Unfortunately, your spouse cannot receive your VA disability compensation after you die. However, they may get a monthly allowance if they qualify for Dependency and Indemnity Compensation. If you lived in government housing, VA might also allow them to stay in residence for up to a year. The alternative is receiving a basic housing allowance for one year when residing in a private property.
What Does Dependency and Indemnity Compensation (DIC) Mean?
DIC is a tax-free benefit paid to the spouse, parent, or child of a veteran who died due to a service-related disability. This compensation is also available to dependents of service members who pass away during training or active duty.
The DIC amount your spouse qualifies to receive will vary since Congress changes the rates based on cost-of-living adjustments. The 2022 monthly compensation for spouses of deceased veterans is $1,437.66.
Other Benefits Available to Spouses of Deceased Service Members
Apart from the standard monthly allowance, your spouse can receive other funds based on various factors. For instance, they will get a house-bound allowance each month if they have a disability that prevents them from leaving the house. In addition, if their disability requires help with everyday activities like bathing, they may receive additional money to pay for aid and attendance.
Other monthly benefits your spouse may receive include:
- An eight-year provision of $305.27 per month
- A two-year transitional benefit of $306.05 for each child younger than 18 years
- A DIC apportionment rate of $356.16 for each eligible child
Can Your Spouse Claim Your VA Pension If You Die?
Your spouse might get a VA pension if you die having a disability caused by military service. However, they must meet specific eligibility criteria provided by Congress. These mainly consider your income level and net worth. If your spouse meets the requirements, they could claim the pension if they have not remarried.
When applying for survivors pension benefits, your partner can work with an accredited representative. They may also send their application to VA online or via mail. Once the Department of Veterans Affairs analyzes the documents, it provides feedback indicating if the spouse qualifies. It will also mention when to expect the payment.
Another way your spouse can request your pension is by submitting an intent to file a VA claim. This step will give your spouse enough time to collect the needed evidence. Additionally, it increases the chances of getting retroactive payments.
What Happens to DIC if a Spouse Remarries?
When your spouse remarries, VA will stop sending DIC payments. Still, they could continue receiving this benefit in some situations. For example, VA may restore the benefits if the other marriage ends due to death or divorce. However, your spouse must wait until the court or other authorities dissolve the union.
Another factor allowing spouses to retain VA benefits is remarrying after age 57. In such a case, your partner will get monthly compensation whether they stay in the marriage or divorce.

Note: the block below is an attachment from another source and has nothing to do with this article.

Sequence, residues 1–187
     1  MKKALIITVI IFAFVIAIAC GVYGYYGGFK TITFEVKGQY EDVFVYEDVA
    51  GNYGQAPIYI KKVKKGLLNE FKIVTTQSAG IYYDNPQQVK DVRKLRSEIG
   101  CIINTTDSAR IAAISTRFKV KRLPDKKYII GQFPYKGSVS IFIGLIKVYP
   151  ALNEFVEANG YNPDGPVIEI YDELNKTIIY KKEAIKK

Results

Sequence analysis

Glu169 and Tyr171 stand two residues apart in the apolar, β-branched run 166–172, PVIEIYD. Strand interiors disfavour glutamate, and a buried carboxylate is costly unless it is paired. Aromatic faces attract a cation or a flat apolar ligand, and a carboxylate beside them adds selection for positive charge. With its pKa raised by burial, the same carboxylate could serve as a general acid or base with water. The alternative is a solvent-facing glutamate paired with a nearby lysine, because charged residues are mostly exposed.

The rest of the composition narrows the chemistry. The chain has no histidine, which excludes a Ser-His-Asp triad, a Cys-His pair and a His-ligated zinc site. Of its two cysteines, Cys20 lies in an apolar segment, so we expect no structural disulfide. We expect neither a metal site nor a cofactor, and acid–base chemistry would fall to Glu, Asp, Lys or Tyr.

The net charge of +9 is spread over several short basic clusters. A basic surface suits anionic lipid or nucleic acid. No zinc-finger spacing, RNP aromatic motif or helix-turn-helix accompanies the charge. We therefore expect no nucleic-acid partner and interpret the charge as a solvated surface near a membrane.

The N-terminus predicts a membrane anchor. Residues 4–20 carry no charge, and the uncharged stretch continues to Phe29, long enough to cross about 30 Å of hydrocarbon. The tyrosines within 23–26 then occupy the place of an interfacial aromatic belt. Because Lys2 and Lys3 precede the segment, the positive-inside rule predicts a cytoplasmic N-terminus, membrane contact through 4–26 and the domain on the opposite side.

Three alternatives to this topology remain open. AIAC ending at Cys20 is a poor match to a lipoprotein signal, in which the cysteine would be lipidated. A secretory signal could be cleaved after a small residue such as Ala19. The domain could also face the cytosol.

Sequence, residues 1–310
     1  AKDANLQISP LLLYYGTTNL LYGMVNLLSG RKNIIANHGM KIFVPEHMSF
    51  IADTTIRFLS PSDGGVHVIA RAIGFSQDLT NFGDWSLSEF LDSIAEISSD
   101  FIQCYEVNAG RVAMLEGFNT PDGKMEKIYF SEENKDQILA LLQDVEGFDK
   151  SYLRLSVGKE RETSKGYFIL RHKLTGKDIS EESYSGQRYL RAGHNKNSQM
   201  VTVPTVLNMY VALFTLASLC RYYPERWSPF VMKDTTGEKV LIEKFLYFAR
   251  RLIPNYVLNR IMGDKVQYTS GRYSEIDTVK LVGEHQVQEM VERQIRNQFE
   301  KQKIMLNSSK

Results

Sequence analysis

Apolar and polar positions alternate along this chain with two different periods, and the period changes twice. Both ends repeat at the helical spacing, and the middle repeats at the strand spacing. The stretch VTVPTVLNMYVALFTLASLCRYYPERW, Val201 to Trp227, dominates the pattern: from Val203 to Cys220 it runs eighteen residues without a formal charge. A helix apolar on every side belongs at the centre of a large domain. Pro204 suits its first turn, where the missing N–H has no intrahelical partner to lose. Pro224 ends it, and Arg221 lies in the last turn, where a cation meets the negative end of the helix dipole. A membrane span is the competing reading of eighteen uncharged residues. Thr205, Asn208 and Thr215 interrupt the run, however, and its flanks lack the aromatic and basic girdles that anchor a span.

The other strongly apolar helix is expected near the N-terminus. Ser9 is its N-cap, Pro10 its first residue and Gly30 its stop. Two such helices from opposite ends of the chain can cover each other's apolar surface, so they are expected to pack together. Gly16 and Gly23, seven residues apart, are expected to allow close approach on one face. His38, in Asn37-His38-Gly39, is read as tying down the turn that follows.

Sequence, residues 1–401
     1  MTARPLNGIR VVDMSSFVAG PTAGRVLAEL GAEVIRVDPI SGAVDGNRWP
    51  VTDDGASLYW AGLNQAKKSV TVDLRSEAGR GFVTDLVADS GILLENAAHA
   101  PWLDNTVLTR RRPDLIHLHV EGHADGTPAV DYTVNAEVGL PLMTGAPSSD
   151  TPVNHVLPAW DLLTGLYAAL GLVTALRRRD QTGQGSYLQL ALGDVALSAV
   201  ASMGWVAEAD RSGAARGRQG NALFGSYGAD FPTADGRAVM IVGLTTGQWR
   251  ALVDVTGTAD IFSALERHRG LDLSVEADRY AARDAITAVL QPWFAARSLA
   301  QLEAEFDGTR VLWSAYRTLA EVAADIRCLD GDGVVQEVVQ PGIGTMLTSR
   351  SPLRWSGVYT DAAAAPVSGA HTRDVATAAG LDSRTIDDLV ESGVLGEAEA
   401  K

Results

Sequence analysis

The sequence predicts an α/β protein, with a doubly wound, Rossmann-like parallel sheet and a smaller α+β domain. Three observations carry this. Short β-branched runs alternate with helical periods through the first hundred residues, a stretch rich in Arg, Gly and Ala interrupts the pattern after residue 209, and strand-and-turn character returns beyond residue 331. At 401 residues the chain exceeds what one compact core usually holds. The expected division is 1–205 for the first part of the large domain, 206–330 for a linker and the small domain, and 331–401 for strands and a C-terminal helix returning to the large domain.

If your spouse remarries before age 57, VA withdraws the DIC benefits. They will also not get compensation after exceeding this age.
Can Your Spouse Get Compensation if a VA-Related Disability Did Not Cause Death?
If you die due to an injury or condition unrelated to your military service, your spouse could get compensation. However, you must have met various eligibility criteria set by VA before your death.
If your health problems were service-related, but you did not file a claim before passing, your partner could receive compensation. Still, they need to apply for a service connection from VA. This process will involve providing medical records showing your death resulted from the mentioned condition. In addition, the documents must link your health issues to military activity.
Once VA accepts the claim, your spouse will start receiving DIC. However, they will not get retroactive benefits from your disability before death.
Can My Spouse Get Compensation Based on Presumptive Conditions?
Sometimes, VA can assign a disability rating due to a presumed condition. For example, if you have a health issue triggered by exposure to Agent Orange, VA may accept your claim and provide benefits based on your rating.
If your health condition worsens, leading to death, your spouse can claim compensation from VA. However, you must meet specific requirements, like being in active service when the military used such chemicals.
Contact a Disability Advocate for More Details About the VA Benefits Your Spouse Can Receive
VA’s eligibility criteria for spouses’ benefits after a veteran’s death can be complicated. A disability advocate will identify if your partner will qualify for compensation after your death. They can also help you pursue a higher disability rating to secure your family’s future. Call today for a free consultation.